• Even though this work is written by two colleagues who have pursued successful careers in the corporate environment, one senses that it should be classified in the domain of science fiction. It is both a lagging indicator and a conservative vision in didactic format. Even though the authors attempt to portray a sensitive and connected community, one feels like the new consumer will be as helpless as royalty, their every need instantly anticipated by an army of servants, flesh and digital- the ultimate pampered consumer, looked after because that creates the new world of work. Missing are those slaving in the depth of this utopian castle, those who have to grow the food, build the technologies and deliver the goods. Missing from this volume is the economics of a global society that provides the platform for delivery of these services. The work is one dimensional and extrapolist, seen from the back seat of a corporate limo, or somewhere above the "glass ceiling; a world that does not realise that there are workers in the shirt factories of Bangladesh whose daily wages will not afford them the luxury of bus fare across town to their shanties that are without basic sanitation.
• The Support Economy sets out in the clearest possible detail why the existing form of capitalism has reached its adaptive limits and what the new form will be. As an economist I could be critical of some of the details that Zuboff and Maxmin layout. That would only devalue the masterpiece that they have written. The sheer intelligence behind this is enough to humble most people- but this is supported by scholarship and a deep and practical experience of how business and companies work. This makes the arguments relatively simple to follow. But you then get their description of the ' new ' enterprise logic and the nature of distributed capitalism and you truly have to think in different ways. Your imagination is put to the test. This is no different however that the leaps in thought that went with Henry Ford. The move from transaction to relationship economics has been discussed by many people but Zuboff and Maxmin give credence to the argument and ground it in a new reality.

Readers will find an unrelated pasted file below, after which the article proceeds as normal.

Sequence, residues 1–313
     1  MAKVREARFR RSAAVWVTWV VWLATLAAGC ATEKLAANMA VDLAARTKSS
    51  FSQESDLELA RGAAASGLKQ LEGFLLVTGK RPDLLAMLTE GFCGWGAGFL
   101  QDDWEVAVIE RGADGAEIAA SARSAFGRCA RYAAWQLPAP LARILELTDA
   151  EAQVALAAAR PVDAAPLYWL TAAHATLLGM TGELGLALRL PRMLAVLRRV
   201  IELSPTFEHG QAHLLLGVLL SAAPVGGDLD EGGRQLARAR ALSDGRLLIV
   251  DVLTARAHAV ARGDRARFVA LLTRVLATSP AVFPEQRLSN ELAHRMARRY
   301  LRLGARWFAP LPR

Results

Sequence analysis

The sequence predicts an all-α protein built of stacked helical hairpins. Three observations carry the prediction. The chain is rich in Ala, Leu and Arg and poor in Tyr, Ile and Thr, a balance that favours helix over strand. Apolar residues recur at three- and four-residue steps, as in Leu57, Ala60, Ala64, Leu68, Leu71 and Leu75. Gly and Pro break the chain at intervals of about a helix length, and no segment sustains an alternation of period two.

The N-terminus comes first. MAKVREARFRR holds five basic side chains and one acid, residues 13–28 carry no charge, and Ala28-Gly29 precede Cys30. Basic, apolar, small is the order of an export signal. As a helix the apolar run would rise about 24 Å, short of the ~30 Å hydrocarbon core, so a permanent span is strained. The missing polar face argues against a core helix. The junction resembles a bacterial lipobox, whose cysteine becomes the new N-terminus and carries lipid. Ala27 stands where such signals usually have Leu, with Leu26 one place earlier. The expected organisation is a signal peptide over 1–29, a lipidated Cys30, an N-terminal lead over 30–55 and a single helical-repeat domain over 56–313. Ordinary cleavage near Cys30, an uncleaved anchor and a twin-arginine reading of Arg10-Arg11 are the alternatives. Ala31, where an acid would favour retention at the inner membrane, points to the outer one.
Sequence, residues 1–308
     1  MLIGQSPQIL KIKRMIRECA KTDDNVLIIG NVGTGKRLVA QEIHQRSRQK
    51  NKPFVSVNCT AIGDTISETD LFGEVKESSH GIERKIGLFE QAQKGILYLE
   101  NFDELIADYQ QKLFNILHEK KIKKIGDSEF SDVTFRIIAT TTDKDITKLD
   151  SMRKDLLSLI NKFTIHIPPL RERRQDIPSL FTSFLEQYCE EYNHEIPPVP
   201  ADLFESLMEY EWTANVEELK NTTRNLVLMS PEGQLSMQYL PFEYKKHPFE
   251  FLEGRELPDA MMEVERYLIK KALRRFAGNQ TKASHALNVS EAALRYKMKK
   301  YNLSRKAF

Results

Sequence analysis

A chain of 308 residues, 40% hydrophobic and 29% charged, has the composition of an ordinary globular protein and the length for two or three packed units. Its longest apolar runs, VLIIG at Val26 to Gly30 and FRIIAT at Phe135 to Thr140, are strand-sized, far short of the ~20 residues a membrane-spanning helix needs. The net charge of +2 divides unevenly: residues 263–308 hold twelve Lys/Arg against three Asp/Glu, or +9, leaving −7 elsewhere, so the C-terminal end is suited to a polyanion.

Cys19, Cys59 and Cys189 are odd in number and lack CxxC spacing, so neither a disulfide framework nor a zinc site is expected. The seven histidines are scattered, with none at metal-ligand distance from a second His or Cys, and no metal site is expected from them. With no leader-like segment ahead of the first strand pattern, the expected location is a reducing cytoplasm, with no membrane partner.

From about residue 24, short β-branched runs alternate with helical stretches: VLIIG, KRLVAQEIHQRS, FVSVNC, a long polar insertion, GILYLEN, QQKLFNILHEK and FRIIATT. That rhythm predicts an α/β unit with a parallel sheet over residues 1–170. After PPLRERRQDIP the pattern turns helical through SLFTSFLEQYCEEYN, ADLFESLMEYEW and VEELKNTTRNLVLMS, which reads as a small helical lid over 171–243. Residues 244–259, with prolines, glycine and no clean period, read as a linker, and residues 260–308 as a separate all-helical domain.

Now, without reading the book, these divergent comments from my peers, and the language in which they are expressed, convinces me that even though it is unlikely that the book provides the complete answer, it’s an important contribution to the debate. I’ve ordered my copy. If you’re interested in why marketing is no longer working and how CRM is likely to develop, I suggest you order a copy by following this link: The Support Economy: Why Corporations are failing individuals and the next episode of capitalism. I hope it goes without saying that I have no commercial interest in the book or Amazon.com.
One final point is this article, recommending a book that I haven’t read, based on the comments of ‘my peers’, one pointer to how the new economy is developing?
As always we’d like to hear your comments. Make them below or email me at mailto:[email protected]